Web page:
There's More to Life Than Geisha Gone Wild!

Hello All, a big thanks to everyone that has enthusiastically ordered trees this year. So many great trees have flown out the door and to their forever homes. Which brings me to topic of this blog. Popular trees. 

There are certain trees which have gained a following amongst the lovers of Japanese maples, with good reason. These trees have cool colours, attractive leaves, colourful bark, amazing fall/spring colours and so on. Just because a tree is highly sought after however, does not make it the best tree.

Take 'Sango kaku' for example. An absolutely stunning tree and so popular you typically will see it in amongst the half dozen Japanese maples that a box store retailer sells. And box stores know nothing about Japanese maples! Don't buy from them! Despite Sango's brilliant qualities, it is quite susceptible to a couple of diseases that can, in short order, turn your baby into a lifeless stick. In fact, I have lost every single one I personally have ever owned. And I am not alone on this. Does this happen to every one of these trees? No, of course not, otherwise no one would sell them anymore. But look on any Facebook page dedicated to Japanese maples and the same question always comes up, "What is happening to my 'Sango kaku'?" The point is, popular doesn't mean best. 

So, while your searching through our website inventory, and you discover that 'Geisha Gone Wild' or 'First Ghost' is sold out, perhaps dig a little deeper and consider some other trees. Sometimes the tree you never even gave a second thought to is the tree you will end up finding quite a bit of joy with. This has happened to me for sure. 'Seiryu' was a tree that I didn't know a lot about when I first got one. But the more I got to know her, the more I realized what an excellent tree she was. 'Seiryu' is not the tree everyone clamours to first, but for me, knowing what I know about Japanese maple varieties/cultivars, it's one of the best. But there are many other. And frankly, I try to stock our nursery with excellent trees that I personally like and think you will like, too.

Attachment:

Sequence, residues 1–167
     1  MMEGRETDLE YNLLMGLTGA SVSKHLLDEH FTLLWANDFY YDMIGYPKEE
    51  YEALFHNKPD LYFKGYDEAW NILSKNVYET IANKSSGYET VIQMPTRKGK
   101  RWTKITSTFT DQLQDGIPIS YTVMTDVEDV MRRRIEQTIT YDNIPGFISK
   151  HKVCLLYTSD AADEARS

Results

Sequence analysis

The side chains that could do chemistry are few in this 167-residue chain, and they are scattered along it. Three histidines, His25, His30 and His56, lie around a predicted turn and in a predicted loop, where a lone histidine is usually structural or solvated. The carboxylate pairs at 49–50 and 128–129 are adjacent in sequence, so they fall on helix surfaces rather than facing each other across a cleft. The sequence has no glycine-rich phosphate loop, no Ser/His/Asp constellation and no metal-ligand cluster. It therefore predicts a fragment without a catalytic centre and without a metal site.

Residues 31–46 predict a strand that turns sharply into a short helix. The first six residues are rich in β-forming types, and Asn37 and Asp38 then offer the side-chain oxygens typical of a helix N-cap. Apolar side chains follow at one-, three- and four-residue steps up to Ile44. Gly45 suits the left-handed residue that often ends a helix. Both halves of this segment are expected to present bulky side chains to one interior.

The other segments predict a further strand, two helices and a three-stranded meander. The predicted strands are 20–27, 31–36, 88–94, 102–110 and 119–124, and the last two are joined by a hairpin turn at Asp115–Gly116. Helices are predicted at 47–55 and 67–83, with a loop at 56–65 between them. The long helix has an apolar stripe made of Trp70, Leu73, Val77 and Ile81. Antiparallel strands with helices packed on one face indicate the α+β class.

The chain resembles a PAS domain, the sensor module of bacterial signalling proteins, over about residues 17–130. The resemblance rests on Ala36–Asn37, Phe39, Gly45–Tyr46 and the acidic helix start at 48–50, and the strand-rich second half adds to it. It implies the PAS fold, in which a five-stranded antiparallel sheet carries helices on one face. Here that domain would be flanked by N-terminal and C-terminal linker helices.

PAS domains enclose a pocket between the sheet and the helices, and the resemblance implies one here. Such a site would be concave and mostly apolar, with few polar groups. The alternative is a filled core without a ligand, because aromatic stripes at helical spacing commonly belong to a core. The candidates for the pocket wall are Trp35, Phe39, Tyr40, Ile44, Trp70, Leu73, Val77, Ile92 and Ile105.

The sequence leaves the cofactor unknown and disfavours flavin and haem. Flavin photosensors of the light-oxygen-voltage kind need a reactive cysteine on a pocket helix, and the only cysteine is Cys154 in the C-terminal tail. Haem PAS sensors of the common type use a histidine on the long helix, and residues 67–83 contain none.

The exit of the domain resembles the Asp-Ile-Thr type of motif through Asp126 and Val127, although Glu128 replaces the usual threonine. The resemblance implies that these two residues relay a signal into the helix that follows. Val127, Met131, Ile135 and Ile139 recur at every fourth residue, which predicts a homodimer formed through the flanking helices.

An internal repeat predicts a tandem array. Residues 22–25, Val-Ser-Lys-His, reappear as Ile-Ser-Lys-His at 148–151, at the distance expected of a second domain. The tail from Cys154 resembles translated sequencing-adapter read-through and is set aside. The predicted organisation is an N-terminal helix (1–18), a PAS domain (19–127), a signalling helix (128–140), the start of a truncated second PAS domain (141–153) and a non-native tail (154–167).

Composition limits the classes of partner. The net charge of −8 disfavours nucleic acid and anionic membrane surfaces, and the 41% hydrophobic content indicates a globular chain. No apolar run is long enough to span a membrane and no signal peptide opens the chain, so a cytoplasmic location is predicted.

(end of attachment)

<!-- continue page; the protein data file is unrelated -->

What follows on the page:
Aside from the descriptions on our product pages for trees, typically when you do a web search by entering the name of a Japanese maple followed by the words, "Japanese maple" you often will find other nurseries pages. North Carolina's Mr. Maple is an excellent resource for info on various Japanese maples. Other long running nurseries include, Mendocino Maples and Essence of the Tree amongst others. Mr. Maple is typically where you find the most information, and sometimes this includes videos and podcasts. These folks are total Japanese maple geeks, as am I, and if you're reading this, so are you! Another resource is the UBC forum for Japanese maples. You can sign up for this and peruse through the many topics and chat with many members from all over the world, or simply stumble upon pages from time to time in your web searching. 

A little homework isn't the worst thing to do when you're searching for your tree. I mean, your tree is going to outlast your car, your furniture, and you! 

Happy Hunting Everyone. Contact me with questions anytime.


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